#8 An Augmented Perceptual-Cognitive Intervention Using a Pattern Recall Paradigm With Junior Soccer Players
Reference: Front Psychol. 2018 Aug 23;9:1260. doi: 10.3389/fpsyg.2018.01260. eCollection 2018.
Authors: Schorer J, Schapschröer M, Fischer L, Habben J, Baker J
Download link: https://www.ncbi.nlm.nih.gov/pmc/articles/PMC6115512/pdf/fpsyg-09-01260.pdf
Summary: In sport, perceptual skill training software is intended to assist tactical training in the field. The aim of this field study was to test whether "laboratory-based" pattern recall training would augment tactical skill training performed on the field. Twenty-six soccer players between 14 and 16 years of age from a single team participated in this study and were divided into three groups. The first received field training on a specific tactical skill plus cognitive training sessions on the pattern recall task. The second performed only the field training while the third group served as a control group and had field training on other topics. The task on the pre-, post-, and retention-tests was to recall specific soccer patterns displayed on a computer screen. Results showed significant changes between pre- and post-test performance. There was no significant interaction between groups and tests but the effect size was large. From pre- to retention-test, there was a significant difference between tests and an interaction between groups and tests, but no main effect difference between groups. On the basis of significance testing only retention was affected by the additional training, however, descriptive results and effect sizes from pre- to post-test were as expected and suggested there were learning benefits. Together these results indicate that augmented perceptual-cognitive training might be beneficial, but some limitations in our study design (e.g., missing field test, missing placebo group, etc.) need to be improved in future work.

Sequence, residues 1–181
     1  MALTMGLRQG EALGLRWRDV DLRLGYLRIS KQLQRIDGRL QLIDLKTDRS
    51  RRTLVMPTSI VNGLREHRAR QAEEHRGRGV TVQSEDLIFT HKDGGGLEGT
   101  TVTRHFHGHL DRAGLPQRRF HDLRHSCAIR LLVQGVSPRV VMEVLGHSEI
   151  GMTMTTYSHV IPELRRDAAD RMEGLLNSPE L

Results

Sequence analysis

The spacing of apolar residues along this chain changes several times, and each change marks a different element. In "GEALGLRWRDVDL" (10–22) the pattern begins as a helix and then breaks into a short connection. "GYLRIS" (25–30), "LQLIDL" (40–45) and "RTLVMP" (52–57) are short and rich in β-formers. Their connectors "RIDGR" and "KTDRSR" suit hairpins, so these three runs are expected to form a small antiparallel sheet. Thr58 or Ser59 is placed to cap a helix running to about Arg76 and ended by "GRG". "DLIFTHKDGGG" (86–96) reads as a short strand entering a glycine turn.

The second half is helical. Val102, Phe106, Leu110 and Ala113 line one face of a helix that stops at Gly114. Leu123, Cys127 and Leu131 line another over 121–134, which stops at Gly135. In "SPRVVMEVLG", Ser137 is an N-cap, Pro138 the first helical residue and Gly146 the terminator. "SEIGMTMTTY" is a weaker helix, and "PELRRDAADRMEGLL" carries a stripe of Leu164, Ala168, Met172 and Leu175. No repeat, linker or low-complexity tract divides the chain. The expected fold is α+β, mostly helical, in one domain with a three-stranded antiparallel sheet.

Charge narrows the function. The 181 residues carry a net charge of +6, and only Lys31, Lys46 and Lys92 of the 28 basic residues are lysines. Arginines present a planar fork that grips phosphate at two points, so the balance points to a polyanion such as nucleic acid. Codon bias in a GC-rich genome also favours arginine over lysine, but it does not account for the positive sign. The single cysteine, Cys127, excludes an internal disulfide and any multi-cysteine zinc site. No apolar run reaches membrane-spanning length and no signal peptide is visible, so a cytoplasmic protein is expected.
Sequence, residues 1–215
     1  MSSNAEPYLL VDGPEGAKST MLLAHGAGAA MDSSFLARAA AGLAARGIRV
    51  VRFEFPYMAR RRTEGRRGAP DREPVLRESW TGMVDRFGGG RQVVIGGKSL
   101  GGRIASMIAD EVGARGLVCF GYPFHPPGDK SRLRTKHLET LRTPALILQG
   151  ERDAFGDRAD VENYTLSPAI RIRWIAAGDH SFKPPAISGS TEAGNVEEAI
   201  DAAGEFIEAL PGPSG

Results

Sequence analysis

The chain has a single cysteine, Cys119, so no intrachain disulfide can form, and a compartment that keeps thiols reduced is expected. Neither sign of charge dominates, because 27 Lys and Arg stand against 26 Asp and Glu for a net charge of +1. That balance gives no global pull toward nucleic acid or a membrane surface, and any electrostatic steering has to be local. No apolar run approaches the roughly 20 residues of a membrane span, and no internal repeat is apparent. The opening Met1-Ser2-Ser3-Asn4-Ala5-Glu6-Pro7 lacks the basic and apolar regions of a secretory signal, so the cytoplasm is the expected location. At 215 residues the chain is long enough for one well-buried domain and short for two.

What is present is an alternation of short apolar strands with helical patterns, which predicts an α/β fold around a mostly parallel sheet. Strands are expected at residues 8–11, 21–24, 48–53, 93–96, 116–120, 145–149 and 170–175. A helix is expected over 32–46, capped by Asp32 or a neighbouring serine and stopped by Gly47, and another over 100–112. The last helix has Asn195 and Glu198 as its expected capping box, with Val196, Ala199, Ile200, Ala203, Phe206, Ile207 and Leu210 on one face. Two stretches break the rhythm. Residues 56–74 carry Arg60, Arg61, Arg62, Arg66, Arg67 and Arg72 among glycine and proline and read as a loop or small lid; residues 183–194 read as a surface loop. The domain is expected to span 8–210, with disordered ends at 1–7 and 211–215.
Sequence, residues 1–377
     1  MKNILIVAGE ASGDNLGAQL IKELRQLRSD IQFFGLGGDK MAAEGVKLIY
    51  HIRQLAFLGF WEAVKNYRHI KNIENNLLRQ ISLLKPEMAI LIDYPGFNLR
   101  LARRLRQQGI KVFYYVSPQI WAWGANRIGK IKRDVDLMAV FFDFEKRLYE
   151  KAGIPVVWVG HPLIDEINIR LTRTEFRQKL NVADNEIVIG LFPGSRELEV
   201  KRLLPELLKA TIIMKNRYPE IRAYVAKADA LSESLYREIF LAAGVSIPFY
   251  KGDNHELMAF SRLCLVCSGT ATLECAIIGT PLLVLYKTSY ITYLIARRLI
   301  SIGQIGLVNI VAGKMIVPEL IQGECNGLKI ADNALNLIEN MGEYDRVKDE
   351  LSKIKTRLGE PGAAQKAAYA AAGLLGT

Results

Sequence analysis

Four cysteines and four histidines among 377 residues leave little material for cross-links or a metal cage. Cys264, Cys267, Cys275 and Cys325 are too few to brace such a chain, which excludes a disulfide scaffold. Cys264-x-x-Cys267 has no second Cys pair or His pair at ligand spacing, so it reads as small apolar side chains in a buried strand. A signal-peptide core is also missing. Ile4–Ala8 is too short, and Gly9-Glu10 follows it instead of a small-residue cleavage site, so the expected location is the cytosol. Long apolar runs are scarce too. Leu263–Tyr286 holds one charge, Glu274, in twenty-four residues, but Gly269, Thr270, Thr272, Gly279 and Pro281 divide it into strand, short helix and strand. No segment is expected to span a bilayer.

#9 Effect of a 6-week supervised detraining period on bone metabolism markers and their association with ergometrics and components of the hypothalamic-pituitary-gonadal (HPG) axis in professional male soccer players
Reference: J Bone Miner Metab. 2018 Sep 5. doi: 10.1007/s00774-018-0947-7. [Epub ahead of print]
Authors: Koundourakis NE, Androulakis N, Dermitzaki E, Venihaki M, Margioris AN
Summary: The aim of this study was to examine the effect of a supervised 6-week detraining period on bone metabolism markers, and their association with ergometrics, and components of the hypothalamic-pituitary-gonadal (HPG) axis in elite male professional soccer players. Sixty-seven soccer players (mean age ± SD 23.4 ± 5.2 years) that were following a supervised training program participated in this study. Players were tested twice: immediately after the conclusion of the competition period, and following the detraining period, for the determination of bone-turnover rates, ergometrics, and components of the HPG-axis. The detraining period resulted in significant reduction in osteocalcin [OC] (p < 0.001), C-terminal propeptide of collagen type-I [CICP] (p = 0.002), and bone-alkaline-phosphatase [b-ALP] (p < 0.001) values, while C-terminal telopeptide [CTX] was increased (p < 0.001). No significant relationships were apparent between bone biomarkers and body weight, body-fat %, total testosterone, free testosterone, estradiol, follicle-stimulating hormone, and luteinizing hormone in both experimental sessions (p > 0.05). Similarly, despite the deterioration in ergometrics after detraining (all p < 0.001), no significant correlations were evident (p > 0.05) between bone biomarkers and maximal oxygen consumption, squat jump, countermovement jump, and 20 m sprint performance, and also between % change of bone biomarkers and ergometrics, apart from a weak relationship (p = 0.041) between OC and VO2max of questionable value. Our results suggest that the 6-week soccer off-season detraining period in our study negatively affected bone physiology as reflected by the suppression of bone-formation rate and a parallel induction of bone resorption. The cause of this acute alteration of bone-turnover rates is not related to the examined components of the HPG-axis, although parallels is not associated with the changes in ergometrics.